Wednesday, November 25, 2009
Happy Turkey day, readers. If you drop by over the long weekend, let us know which authors or characters you're thankful for having in your life.
Right now I'm thankful (in a purely secular, literature-is-my-religion kinda way, o' courrse) for Mrs. Gaskell, Charlaine Harris, and L.M Mongtomery's existence, and for all the Y.A. heroines like Anne, Emily, Jo and Meg Murray with whom I grew up.
Tuesday, November 24, 2009
"I am a Jane Austenite, and therefore slightly imbecile about Jane Austen. My fatuous expression, and airs of personal immunity-how ill they sit on the face, say,of a Stevensonian! But Jane Austen is so different. She is my favourite author! I read and reread, the mouth open and the mind closed. Shut up in measureless content, I greet her by the name of most kind hostess, while criticism slumbers."
Elizabeth Gaskell remains all the rage. Charleybrown at Enchanted Serenity is celebrating the 5th year anniversary of the period drama adaptation that blew our collective socks off: North and South. And over a their place they've also got all the updates on the new Cranford, which will be hitting our screens right as 2010 starts. Can I get a hell-yeah for adorable spinsters and widows?
In honor of the Gaskelly season, I've just started making my slow way through Wives and Daughters. Loving it so far. Can't wait to watch the mini-series with my grandma when I'm done.
Friday, November 20, 2009
A little late, but better than never.
Women writers all over the web are responding to our lack of presence on mainstreams awards lists and "best of" lists with lists of our own--(note to world: I got there first re the PW list).
So in that positive spirit, here goes--awesome books I read that were written by women in 2009, both high and lowbrow. What's on yours?
A Jury of Her Peers: American Women Writers from Anne Bradstreet to Annie Proulx
The Means of Reproduction: Sex, Power, and the Future of the World
The Purity Myth: How America's Obsession with Virginity Is Hurting Young Women
Quiverfull: Inside the Christian Patriarchy Movement
When Everything Changed: The Amazing Journey of American Women from 1960 to the Present
Shelf Discovery: The Teen Classics We Never Stopped Reading
The Broken Teaglass: A Novel
Day After Night: A Novel
Picking Bones from Ash: A Novel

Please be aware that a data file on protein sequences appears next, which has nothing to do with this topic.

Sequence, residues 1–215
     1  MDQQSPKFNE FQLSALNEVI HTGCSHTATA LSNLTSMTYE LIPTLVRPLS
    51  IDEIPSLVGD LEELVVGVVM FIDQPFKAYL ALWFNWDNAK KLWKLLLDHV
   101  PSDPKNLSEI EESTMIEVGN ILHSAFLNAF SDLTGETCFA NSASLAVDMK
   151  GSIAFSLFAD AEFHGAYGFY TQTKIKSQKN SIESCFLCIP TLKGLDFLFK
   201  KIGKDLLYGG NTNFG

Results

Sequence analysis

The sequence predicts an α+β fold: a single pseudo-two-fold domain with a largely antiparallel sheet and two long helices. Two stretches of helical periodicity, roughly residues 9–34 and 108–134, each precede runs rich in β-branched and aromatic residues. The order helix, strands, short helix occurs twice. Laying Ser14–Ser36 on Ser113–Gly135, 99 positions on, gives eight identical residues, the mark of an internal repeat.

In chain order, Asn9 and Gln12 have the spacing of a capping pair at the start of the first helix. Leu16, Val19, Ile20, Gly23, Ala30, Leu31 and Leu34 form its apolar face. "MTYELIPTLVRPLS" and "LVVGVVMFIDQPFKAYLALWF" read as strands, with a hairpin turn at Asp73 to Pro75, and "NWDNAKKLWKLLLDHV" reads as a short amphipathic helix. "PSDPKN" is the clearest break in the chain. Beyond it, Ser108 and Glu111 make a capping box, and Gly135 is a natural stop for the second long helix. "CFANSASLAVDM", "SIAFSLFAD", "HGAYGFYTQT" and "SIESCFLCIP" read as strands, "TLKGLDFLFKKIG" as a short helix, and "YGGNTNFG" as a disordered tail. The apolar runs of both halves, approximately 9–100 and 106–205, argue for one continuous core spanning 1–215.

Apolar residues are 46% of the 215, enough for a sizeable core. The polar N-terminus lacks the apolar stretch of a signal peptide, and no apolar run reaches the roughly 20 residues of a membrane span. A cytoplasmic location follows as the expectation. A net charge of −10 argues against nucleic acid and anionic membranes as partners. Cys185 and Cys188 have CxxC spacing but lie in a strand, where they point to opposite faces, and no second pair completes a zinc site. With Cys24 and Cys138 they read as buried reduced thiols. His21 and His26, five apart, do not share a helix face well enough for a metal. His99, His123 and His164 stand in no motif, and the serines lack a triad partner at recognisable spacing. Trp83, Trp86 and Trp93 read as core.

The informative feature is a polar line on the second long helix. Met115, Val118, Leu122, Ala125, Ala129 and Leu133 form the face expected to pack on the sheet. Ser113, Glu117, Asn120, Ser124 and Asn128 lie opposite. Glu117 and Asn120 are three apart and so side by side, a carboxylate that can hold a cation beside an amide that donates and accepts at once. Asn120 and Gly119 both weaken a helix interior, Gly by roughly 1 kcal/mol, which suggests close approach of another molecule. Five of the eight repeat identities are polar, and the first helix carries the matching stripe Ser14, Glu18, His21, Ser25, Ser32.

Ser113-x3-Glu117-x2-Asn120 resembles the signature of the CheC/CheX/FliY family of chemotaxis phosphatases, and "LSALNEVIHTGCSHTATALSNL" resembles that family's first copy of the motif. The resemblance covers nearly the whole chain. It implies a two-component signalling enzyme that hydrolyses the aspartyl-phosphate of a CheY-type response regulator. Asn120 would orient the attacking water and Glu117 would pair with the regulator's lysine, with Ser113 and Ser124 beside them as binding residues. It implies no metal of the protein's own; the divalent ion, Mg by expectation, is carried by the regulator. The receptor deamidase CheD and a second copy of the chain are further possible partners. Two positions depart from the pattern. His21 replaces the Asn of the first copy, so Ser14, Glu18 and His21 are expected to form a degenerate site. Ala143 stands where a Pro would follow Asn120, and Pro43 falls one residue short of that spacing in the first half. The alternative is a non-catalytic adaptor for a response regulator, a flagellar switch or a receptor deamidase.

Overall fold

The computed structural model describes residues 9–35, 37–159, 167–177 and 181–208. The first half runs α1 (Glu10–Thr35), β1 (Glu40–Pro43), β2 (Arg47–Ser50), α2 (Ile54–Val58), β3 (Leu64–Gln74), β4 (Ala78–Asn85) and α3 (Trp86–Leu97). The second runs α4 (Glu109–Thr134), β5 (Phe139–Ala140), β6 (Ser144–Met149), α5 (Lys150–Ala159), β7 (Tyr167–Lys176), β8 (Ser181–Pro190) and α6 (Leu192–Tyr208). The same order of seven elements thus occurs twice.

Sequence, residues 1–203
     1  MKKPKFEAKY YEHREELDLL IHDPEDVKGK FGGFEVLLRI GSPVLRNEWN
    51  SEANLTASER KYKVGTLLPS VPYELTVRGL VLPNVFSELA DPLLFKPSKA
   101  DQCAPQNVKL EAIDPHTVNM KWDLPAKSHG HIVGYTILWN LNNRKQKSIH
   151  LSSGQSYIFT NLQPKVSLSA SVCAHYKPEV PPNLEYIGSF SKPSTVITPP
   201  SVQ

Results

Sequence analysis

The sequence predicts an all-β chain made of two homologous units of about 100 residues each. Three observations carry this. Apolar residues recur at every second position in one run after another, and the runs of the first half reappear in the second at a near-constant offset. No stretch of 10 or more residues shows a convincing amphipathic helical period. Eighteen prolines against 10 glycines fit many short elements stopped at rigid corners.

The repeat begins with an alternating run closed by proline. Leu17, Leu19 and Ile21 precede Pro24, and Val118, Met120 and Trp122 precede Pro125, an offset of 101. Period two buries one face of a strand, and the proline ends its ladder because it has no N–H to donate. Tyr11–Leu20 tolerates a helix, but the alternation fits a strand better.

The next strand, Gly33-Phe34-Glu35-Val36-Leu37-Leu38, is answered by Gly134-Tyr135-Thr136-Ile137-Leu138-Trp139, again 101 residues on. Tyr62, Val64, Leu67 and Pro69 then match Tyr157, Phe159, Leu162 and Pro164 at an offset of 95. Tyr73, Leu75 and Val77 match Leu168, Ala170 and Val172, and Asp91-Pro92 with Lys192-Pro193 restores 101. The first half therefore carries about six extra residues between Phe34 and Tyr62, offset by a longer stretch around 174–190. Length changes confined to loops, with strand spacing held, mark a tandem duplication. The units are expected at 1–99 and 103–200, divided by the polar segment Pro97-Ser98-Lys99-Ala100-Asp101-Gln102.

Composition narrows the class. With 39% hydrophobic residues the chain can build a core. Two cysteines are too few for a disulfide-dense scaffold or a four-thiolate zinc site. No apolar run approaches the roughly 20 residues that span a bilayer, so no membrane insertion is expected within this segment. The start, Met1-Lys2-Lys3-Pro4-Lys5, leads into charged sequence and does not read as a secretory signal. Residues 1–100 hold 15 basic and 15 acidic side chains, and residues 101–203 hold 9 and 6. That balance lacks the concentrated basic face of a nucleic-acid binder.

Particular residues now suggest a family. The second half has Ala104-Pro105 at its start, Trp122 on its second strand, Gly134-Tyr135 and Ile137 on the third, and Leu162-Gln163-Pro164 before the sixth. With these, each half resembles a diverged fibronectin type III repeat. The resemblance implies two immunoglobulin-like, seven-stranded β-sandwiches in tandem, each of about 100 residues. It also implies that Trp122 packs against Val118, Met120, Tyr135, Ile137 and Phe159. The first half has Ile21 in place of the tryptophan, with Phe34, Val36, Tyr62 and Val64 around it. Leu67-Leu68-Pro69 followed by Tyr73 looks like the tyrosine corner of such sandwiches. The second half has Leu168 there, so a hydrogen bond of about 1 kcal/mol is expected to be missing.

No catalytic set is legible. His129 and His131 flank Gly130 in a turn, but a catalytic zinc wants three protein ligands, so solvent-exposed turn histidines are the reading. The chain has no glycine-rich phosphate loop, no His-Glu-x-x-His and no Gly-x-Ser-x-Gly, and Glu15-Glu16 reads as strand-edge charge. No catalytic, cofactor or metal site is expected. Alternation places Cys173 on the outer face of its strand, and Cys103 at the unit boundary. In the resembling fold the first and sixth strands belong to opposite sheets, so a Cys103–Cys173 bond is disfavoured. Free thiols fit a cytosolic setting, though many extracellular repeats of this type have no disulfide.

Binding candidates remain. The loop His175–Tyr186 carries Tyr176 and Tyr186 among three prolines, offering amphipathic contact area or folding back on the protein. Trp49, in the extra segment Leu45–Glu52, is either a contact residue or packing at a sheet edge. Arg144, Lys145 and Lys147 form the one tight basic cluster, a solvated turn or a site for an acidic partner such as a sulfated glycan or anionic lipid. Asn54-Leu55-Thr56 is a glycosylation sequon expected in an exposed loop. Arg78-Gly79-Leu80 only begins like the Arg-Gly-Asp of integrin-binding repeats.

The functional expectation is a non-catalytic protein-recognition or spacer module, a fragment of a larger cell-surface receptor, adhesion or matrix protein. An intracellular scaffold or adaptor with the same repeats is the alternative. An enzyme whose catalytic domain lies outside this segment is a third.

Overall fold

Shanghai Girls: A Novel
Dead and Gone (Sookie Stackhouse, Book 9)
Living Room: A Novel
A Short History of Women: A Novel
Pictures at an Exhibition
Hello Goodbye: A Novel
Jacket Copy gives us a rundown on the National Book Awards.
Meanwhile mediabistro asks folks at the National Book Awards about sparkly vampires.
Comparing Twilight to Samuel Richardson's Pamela at The Millions
Romancing the Tome takes on a new book of Jane Austen essays.
DoubleX blog finds out where writers do their best writing, from the dark to the bathroom.
I was quoted as a guilty feminist Twilight-lover at the Washington Post.
The ladies of Jane Austen today have an awesome quiz linking the actors from S+S '95 to Harry Potter.
The Times o'London lists the best 100 books of the decade. An odd assortment.
Monday, November 16, 2009
Unlike today's social observers, Austen never advocated rearranging or even challenging the structure of society; she mocked the status quo, but was a big believer in protecting oneself and skillfully, practically navigating within a system that could be downright unfair to women and classist, to boot. Feminists like me may not like to admit it, but today Jane very well might be one of those pragmatic folks who urged her fellow women not to wear short skirts or go out clubbing on their own. So is she still an acceptable moral guide in our liberated world?
Collins' piece gets the most interesting partway down, when he talks about three of the more troubling (by today's standards) "moral" choices made by Austen heroines Fanny, Elinor and Anne:
To find out how Collins makes sense of these tricky situations, read the piece.